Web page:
Third, the quality of growth matters. Economic growth in itself is not enough unless its fruits are broadly shared among the population. Two dimensions are very close to my heart: education and gender issues. More than six million children of primary school age, including 3.5 million girls, are currently out of school. Higher spending on public education is clearly important, but so are improvements to the quality of education. The country needs to ensure access to opportunity for all segments of society and equip its people with the skills needed for tomorrow’s job market.

Similarly, with only a quarter of women participating in the labour force, Pakistan can add significantly to its growth potential by integrating women better into the economy. This will make growth not only more inclusive, but also higher. IMF studies have shown that closing the gender gap could boost Pakistan’s GDP by almost one third.

Finally, believe in the global system. Pakistan’s exports are only about a quarter of what they could be based on the experience of emerging markets. There is vast untapped potential to trade with neighbours and integrate into global value chains. A sustained focus on regional and international engagement can help realise this potential.

I am confident that Pakistan can seize this moment of opportunity and transform itself into a dynamic, vibrant, and integrated emerging market country. Over the coming years, a stable and vibrant economy that creates sustainable jobs and spreads the fruits of growth more widely can be a strong force for overall domestic stability. The same applies to trade and cross-border investments, which tend to bring people together in the pursuit of mutual economic advantages, and can provide a stabilizing force in the region.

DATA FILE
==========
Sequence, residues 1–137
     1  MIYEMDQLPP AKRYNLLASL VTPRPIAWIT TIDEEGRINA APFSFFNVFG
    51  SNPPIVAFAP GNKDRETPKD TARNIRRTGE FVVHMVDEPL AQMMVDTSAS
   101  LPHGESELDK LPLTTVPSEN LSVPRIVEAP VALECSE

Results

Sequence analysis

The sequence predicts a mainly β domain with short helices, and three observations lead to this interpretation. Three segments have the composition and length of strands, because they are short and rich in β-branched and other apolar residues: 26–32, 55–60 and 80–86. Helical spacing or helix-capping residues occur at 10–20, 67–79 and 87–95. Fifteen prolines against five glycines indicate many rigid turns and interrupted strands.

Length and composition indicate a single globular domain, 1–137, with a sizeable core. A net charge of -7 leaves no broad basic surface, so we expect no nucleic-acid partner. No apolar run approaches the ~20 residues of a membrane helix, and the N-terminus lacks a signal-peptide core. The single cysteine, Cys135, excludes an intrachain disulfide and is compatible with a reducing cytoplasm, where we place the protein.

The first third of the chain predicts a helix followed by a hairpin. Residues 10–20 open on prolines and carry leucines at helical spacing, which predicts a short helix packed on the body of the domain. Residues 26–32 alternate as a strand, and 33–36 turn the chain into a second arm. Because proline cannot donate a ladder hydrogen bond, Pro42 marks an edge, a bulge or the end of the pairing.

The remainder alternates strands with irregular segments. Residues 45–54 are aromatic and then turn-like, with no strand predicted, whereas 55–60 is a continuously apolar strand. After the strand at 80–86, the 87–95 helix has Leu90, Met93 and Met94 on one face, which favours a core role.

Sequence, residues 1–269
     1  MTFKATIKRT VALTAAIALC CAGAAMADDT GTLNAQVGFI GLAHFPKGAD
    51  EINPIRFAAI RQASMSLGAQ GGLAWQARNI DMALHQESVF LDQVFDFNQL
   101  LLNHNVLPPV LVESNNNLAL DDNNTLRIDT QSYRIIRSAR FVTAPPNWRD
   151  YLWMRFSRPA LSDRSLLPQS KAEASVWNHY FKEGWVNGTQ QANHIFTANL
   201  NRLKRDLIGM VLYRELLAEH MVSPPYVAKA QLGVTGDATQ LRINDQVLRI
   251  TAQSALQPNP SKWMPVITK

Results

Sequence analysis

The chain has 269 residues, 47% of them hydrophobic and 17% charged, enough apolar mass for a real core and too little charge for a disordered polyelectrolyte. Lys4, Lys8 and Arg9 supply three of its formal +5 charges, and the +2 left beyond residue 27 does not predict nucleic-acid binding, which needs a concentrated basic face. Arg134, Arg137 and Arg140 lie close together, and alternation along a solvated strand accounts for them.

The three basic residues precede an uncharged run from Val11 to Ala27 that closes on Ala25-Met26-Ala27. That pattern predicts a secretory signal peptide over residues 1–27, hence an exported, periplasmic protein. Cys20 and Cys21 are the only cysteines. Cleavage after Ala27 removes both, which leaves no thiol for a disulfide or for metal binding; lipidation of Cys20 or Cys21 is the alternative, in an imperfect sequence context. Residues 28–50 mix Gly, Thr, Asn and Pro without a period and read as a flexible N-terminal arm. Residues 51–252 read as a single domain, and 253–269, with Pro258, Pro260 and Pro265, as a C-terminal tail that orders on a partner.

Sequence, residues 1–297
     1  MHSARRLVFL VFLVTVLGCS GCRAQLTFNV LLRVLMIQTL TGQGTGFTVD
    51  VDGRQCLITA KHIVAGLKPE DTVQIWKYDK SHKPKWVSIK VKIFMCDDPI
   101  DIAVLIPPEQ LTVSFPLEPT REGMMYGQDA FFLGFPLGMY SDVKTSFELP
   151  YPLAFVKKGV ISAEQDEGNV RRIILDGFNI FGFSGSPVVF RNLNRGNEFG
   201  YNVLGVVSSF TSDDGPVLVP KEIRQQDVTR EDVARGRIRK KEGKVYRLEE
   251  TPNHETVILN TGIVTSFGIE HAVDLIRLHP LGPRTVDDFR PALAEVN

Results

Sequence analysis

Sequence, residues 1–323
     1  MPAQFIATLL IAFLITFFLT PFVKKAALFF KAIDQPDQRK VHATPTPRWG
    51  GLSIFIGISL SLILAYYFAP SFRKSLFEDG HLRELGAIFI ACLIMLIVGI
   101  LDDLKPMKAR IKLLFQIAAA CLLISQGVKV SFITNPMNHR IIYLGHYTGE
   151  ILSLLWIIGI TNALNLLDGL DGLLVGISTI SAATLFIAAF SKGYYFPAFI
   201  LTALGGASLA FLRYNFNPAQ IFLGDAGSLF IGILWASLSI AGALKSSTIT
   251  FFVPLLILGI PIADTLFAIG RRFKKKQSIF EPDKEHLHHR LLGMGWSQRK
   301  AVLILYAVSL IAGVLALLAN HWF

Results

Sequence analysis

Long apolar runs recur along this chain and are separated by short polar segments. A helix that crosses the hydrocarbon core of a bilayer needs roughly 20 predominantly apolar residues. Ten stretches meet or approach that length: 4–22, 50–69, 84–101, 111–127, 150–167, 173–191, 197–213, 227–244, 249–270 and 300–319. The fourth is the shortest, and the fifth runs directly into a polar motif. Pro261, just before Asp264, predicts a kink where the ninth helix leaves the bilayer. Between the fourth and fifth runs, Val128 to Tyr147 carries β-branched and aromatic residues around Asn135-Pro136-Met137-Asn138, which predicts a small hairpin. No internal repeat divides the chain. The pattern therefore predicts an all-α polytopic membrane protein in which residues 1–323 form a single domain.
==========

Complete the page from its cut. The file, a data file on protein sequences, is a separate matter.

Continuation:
Riaz Haq said…
Tragedy at Sea 3,000 Miles Away Resonates in Pakistani Village
By MEHER AHMAD FEB. 27, 2018

https://www.nytimes.com/2018/02/27/world/asia/pakistan-libya-migrants-capsize.html

Local laborers in this largely agrarian area (Gujarat, Pakistan) have streamed overseas in sizable numbers since the 1970s. For years, legal migration was such a force that little towns here were given nicknames like Little Norway and Little Britain, for where their people had gone.

Homes here hint at the mass migration. Tidy mud-brick village houses, surrounded by wheat and rice fields, have been increasingly replaced by mansions with gaudy ironwork and colorful tiles, built with money from overseas relatives. In 2014, almost 30 percent of local households reportedly received foreign remittances.

The houses serve in a sense as billboards for smugglers, proof of money to be made abroad. Ansar Burney, a Pakistani civil rights activist who works to end people smuggling, said the message was persuasive. “If I’m living in these rural towns, I’d be convinced I should go, too,” he said.

For Mr. Shabir, the appeal was hypnotic. “We begged him not to go,” his mother, Hamida Bibi, said between desperate prayers for her son. “But he had made up his mind long ago.”

-------------------------

Legal migration from Pakistan peaked in 2015 when just under one million Pakistanis left to work overseas. It has since dropped almost by half, Mr. Burney said, with migrants seeking visas squeezed by concerns about terrorism in Europe and economic belt-tightening in the Persian Gulf.

“The Saudis took an initiative to reduce all overseas labor, Pakistanis included,” said Jabbar Chaudry of Pakistan’s Bureau of Emigration and Overseas Employment, adding, “The educated and semi-educated youth no longer have legal windows of opportunity.”